New York City’s Film Forum theater is hosting a four week film series of newspaper-themed movies, featuring “the faded world of news diggers, gossip mongers, scoop hounds, pipe artists, scandal chasers and sob sisters,” as Clyde Haberman has it in his NYC column in today’s New York Times.

Any time something or someone is recognized in a retrospective, or a roast, or a lifetime achievement award, the implication is that the zenith has been reached. It’s all downhill from here. So implies the film festival’s this-is-your-life walk down memory lane for newspapers. One day, the festival seems to tell us, when the print and ink paper is long gone and everyone gets their news from iProducts and eReaders and cable television aHoles, Jimmy Stewart in “Call Northside 777” and Humphrey Bogart in “Deadline U.S.A.” will be how future generations will remember a forgotten industry.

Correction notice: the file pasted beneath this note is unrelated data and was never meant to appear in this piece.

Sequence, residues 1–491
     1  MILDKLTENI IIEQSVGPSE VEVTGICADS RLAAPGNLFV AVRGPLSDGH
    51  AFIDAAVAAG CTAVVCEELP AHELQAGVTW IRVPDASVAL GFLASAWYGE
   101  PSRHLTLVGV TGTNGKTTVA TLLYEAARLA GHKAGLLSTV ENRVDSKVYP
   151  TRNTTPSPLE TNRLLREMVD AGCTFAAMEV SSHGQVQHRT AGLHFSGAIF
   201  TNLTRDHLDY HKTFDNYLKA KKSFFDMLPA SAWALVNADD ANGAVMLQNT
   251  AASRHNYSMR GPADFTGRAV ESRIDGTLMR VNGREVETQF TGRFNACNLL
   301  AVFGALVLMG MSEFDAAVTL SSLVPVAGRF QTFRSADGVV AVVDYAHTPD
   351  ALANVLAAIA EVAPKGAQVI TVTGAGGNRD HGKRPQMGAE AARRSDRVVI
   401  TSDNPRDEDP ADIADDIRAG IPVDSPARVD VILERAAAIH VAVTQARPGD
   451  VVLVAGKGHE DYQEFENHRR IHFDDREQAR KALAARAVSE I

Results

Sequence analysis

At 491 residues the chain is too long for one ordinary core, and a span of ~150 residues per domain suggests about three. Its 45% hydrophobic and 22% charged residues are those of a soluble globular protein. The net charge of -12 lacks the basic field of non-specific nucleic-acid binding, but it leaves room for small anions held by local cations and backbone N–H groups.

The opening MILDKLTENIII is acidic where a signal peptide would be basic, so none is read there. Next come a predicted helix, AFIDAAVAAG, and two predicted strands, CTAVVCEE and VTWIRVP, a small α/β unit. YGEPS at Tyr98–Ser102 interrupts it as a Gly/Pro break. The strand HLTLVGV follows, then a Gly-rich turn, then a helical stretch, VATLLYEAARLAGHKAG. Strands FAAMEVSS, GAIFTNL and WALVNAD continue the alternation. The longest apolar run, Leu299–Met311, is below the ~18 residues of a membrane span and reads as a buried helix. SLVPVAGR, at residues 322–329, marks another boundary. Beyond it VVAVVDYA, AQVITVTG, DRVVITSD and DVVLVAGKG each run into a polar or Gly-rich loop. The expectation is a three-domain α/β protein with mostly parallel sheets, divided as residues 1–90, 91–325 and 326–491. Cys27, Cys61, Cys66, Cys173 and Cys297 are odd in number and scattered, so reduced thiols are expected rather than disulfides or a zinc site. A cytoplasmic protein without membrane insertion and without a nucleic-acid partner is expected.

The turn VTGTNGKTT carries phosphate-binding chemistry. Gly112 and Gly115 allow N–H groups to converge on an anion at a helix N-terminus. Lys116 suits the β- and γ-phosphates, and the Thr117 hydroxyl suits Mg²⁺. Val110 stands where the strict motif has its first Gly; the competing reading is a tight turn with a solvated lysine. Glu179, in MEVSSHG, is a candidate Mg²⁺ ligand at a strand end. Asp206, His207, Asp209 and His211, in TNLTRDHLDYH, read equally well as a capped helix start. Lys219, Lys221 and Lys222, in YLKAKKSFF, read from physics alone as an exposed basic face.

“I wanted to do this series before there were no newspapers to write about,” said the theater’s repertory programming director, Bruce Goldstein. He was joking. Sort of.

Times film critic, A.O. Scott, also devoted a review to the series, proving that journalists like nothing more than writing about journalism. (Disclaimer: As a media criticism publication, it is our job here at CJR to write about journalism.)

“Where are the crusty editors and fast-talking girl reporters of yesteryear?” Scott asks. “I’m peeking over the cubicle wall, and all I see are Web producers and videographers.”

Scott suggests a sequel series on the genre of the Television Picture, featuring films like “Wag The Dog.” And, he continues: “…Maybe 50 years from now there will be a retrospective devoted to the Web News Aggregator Picture. By then, thankfully, I’ll be as dead as dead-tree journalism.”

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Alexandra Fenwick is an assistant editor at CJR.